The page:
I worked in the information technology department of a mortgage bank in the run-up to the 2007 implosion of the subprime mortgage market . . .
Given that it was fairly evident at the time that complicated financial instruments were being dreamed up for the sole purpose of lending money to people who could never repay it, it’s remarkable that very few people foresaw the catastrophe and that even fewer actually had the nerve to bet on it to happen.
Long story short, the major rating agencies — Standard and Poor’s and Moody’s — were incompetent in their rating of subprime mortgage bonds, giving investment-grade and, in some cases, triple-A ratings to high-risk instruments. A lot of people took the ratings — which implied that subprime mortgage derivatives were no riskier than U.S. Treasury bonds — at face value and acted accordingly.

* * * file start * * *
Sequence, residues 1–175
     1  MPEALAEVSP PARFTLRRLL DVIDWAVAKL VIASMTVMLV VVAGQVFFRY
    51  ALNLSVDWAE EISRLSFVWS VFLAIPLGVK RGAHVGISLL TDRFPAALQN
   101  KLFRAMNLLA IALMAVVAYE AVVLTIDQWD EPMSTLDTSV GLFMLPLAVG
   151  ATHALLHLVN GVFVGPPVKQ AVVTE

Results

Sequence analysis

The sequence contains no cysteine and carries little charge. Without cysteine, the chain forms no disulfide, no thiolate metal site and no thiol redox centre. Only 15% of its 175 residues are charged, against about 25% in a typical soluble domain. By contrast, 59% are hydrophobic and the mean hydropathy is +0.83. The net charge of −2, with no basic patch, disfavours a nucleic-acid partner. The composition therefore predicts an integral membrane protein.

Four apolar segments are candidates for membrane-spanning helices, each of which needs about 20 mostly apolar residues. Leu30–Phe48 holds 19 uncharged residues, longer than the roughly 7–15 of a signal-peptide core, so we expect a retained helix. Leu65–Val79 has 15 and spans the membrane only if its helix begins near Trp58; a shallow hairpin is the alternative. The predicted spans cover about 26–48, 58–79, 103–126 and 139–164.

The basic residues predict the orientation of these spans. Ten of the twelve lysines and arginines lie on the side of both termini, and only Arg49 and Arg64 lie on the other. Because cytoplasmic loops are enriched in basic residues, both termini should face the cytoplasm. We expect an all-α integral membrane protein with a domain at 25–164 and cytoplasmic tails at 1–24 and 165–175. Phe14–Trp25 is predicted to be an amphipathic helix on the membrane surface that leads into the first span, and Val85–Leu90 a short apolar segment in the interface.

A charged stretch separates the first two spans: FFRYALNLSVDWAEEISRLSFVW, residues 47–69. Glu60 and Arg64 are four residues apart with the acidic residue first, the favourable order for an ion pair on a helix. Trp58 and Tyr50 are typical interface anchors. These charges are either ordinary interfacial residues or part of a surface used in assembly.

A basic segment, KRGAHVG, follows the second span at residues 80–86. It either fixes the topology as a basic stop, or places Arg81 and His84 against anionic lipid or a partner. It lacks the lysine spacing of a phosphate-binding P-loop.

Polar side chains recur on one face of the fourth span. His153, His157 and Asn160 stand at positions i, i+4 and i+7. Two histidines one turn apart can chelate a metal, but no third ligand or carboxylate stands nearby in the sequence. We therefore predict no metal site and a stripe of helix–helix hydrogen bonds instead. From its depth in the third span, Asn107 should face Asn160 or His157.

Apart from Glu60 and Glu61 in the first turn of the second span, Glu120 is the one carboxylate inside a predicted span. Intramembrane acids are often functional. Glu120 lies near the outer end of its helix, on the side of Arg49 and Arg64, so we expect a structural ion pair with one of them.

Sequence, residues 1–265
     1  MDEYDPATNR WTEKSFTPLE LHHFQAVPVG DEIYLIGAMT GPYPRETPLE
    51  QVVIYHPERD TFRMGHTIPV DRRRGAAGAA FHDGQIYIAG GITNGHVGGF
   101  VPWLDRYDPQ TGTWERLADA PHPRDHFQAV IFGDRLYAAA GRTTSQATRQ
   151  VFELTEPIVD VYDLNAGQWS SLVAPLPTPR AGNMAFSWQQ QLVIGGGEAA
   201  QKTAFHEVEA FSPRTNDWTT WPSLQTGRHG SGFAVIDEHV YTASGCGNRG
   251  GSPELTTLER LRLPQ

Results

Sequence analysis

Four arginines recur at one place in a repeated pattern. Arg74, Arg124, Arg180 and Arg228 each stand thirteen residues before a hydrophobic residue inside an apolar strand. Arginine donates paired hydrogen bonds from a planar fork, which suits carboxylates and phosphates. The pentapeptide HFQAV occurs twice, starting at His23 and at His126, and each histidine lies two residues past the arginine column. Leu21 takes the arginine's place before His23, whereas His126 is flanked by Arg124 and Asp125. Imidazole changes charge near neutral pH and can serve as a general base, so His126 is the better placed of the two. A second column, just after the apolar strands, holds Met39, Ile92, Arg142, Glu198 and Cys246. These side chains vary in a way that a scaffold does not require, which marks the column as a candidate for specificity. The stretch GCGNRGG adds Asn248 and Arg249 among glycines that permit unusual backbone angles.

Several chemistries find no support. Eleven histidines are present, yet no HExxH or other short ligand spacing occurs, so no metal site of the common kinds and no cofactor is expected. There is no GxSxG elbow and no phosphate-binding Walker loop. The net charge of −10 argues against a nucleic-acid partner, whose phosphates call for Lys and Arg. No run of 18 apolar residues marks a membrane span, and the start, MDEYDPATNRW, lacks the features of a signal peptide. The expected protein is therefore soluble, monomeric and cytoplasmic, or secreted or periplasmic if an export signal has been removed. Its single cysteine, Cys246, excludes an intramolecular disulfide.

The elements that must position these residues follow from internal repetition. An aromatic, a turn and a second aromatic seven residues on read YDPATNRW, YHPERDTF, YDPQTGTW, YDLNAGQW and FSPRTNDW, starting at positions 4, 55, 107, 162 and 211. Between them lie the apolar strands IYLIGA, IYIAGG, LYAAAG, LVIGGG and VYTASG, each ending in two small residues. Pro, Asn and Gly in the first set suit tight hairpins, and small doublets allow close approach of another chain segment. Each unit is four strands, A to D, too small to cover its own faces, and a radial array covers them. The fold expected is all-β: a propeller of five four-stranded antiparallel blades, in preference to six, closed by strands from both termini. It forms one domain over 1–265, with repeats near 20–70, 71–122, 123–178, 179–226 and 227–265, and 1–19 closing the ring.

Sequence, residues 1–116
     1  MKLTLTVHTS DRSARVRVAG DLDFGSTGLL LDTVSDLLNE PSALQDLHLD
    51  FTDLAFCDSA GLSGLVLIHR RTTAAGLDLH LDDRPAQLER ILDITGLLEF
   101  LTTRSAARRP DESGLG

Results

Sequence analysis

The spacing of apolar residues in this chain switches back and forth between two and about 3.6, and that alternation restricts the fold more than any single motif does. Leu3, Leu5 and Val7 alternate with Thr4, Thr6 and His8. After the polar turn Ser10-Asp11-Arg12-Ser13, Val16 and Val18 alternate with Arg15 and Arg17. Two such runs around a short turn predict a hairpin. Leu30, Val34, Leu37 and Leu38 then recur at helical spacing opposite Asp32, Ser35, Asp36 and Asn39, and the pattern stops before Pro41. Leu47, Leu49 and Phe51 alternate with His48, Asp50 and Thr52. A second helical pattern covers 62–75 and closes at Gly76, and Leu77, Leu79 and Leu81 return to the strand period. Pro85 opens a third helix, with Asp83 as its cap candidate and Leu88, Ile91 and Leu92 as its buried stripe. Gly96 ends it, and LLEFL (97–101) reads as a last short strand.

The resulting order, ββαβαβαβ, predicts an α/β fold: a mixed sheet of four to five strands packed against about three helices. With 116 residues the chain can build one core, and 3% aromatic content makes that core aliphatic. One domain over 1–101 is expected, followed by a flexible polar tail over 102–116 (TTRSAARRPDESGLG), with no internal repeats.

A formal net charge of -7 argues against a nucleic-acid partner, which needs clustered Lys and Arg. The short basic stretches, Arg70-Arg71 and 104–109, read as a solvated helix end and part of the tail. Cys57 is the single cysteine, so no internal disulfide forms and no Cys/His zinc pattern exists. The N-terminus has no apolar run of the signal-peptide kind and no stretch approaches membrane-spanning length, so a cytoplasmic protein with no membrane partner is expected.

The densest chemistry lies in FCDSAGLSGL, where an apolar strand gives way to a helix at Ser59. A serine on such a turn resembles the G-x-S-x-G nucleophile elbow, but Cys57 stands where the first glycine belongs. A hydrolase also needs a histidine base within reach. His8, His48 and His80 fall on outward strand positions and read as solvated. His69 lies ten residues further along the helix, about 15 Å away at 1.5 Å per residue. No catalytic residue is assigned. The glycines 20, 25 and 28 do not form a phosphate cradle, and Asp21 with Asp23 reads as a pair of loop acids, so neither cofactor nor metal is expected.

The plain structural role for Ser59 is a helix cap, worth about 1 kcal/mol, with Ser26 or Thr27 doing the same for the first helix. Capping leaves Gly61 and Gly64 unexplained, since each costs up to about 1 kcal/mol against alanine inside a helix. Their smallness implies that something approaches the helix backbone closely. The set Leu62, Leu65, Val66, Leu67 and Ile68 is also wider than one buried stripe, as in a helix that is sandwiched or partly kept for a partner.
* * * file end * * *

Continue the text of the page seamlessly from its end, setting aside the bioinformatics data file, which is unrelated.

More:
But there were also some interesting psychological factors in play, not specific to the investment arena:
- Nothing really bad had ever happened in the subprime mortgage market. Every tiny panic was followed by a robust boom. Since nothing really bad had ever happened (albeit over a short and statistically insignificant period of time), nothing really bad ever would happen.
- The collapse of the subprime mortgage market would be a national catastrophe, and was unlikely precisely because it would be such a catastrophe. Nothing that bad could ever actually happen.